Monday, February 4, 2013

Mass Customization based on HIE Standardization

Building the Dell Computers of Health Information Exchanges (HIE)


In earlier posts, "Game Changing Healthcare Information Exchange" and "Weaving the Fabric of Care", I included examples of mass customization as an enabler of accountable care programs. What I left out was the fact that Standardization is the enabler of Mass Customization. Instead, I relied on an earlier post on "The Well Architected HIE and Direct Push", which points out the benefits of standardization using a Services Oriented Architecture and a Common Information Model for HIE. While I thought this was enough, I now think I need to explain more about the relationship between mass customization and standardization.

After a recent meeting on Medicaid Health Homes with several stakeholders, including the state department of health (DOH), I came to understand that some may see customization and standardization as opposing thoughts since they are somewhat antonyms. Actually though, standardization is what makes mass customization possible. In this meeting, I found myself explaining that "your (health home) secret sauce for managing care doesn't have to be the same as that of the next health home". I was attempting to explain in lay terms that "they could have custom business rules and orchestrations to notify them of what they want to know about when they want to know it" and that they could have a "custom dashboard" in the portal. This was confusing to the audience as they were talking to another HIE about a common user interface that everyone would use. So I went on to explain that we standardize at the data model, not at the user interface. At the orchestrations of business services and data transformations, we support customization to support a business process. This supports the fact that, while they don't see themselves as having "secret sauce", the information and events that they were asking for differed by organization because they had different business processes that they wanted to enable via HIE. Thus, they had a custom business problem that needed a custom solution.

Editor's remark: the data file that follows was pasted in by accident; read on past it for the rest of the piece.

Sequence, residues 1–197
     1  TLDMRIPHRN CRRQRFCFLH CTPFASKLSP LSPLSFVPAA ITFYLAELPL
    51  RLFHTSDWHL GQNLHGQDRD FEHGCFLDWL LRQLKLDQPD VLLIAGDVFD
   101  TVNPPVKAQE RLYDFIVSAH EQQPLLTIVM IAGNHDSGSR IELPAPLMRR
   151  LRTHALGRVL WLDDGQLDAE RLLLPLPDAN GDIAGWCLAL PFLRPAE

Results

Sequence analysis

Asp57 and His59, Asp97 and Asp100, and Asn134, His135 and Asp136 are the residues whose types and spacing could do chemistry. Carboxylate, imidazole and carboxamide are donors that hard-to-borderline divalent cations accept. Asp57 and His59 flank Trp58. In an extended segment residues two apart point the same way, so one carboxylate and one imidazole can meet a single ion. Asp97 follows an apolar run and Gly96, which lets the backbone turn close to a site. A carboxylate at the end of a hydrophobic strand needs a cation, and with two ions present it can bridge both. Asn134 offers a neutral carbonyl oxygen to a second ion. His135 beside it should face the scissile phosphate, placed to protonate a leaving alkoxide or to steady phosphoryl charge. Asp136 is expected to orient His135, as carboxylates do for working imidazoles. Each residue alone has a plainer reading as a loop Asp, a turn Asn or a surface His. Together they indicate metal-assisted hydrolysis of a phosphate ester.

I realized that I needed a better way to explain this than "secret sauce". So after the meeting, I thought about how they explain it in business school. Typically, B-schools use the Dell Computer Case Studies. Dell made its mark on the world offering custom products at packaged product prices with quick turnaround via mail order. Dell was able to do this because of the standardization inside of the personal computer. Since computers have a modular design built around a bus architecture, people can choose any combination of capabilities and all that needs to be done is the technician plugs them into the bus. The customer picks their case, motherboard, processor, memory, video card, sound card, keyboard, mouse, etc. The technician plugs it all together because it is all standardized to fit any PC. There were many case to motherboard combinations to choose from. There were many processors that you could use with that motherboard. The video and sound cards plugged into the common bus. The memory plugged into the memory bus. It was all easy to customize because standards enabled customization.